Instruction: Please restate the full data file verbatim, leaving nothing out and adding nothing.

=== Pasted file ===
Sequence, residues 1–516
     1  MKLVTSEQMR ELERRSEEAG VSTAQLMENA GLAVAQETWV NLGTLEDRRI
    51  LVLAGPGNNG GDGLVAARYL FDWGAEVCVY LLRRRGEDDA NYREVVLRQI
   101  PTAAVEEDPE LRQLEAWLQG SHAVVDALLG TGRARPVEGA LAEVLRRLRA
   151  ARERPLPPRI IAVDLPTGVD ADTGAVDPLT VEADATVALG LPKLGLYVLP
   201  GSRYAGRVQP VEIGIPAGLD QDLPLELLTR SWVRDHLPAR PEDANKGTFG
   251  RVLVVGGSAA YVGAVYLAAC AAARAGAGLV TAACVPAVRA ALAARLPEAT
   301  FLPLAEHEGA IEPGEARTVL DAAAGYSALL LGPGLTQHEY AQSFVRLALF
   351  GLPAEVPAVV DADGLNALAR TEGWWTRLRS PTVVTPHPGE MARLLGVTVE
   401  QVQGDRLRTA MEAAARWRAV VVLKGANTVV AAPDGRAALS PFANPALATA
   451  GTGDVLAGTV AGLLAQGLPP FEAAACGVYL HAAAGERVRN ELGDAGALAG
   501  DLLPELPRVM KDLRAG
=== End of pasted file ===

Sequence, residues 1–516
     1  MKLVTSEQMR ELERRSEEAG VSTAQLMENA GLAVAQETWV NLGTLEDRRI
    51  LVLAGPGNNG GDGLVAARYL FDWGAEVCVY LLRRRGEDDA NYREVVLRQI
   101  PTAAVEEDPE LRQLEAWLQG SHAVVDALLG TGRARPVEGA LAEVLRRLRA
   151  ARERPLPPRI IAVDLPTGVD ADTGAVDPLT VEADATVALG LPKLGLYVLP
   201  GSRYAGRVQP VEIGIPAGLD QDLPLELLTR SWVRDHLPAR PEDANKGTFG
   251  RVLVVGGSAA YVGAVYLAAC AAARAGAGLV TAACVPAVRA ALAARLPEAT
   301  FLPLAEHEGA IEPGEARTVL DAAAGYSALL LGPGLTQHEY AQSFVRLALF
   351  GLPAEVPAVV DADGLNALAR TEGWWTRLRS PTVVTPHPGE MARLLGVTVE
   401  QVQGDRLRTA MEAAARWRAV VVLKGANTVV AAPDGRAALS PFANPALATA
   451  GTGDVLAGTV AGLLAQGLPP FEAAACGVYL HAAAGERVRN ELGDAGALAG
   501  DLLPELPRVM KDLRAG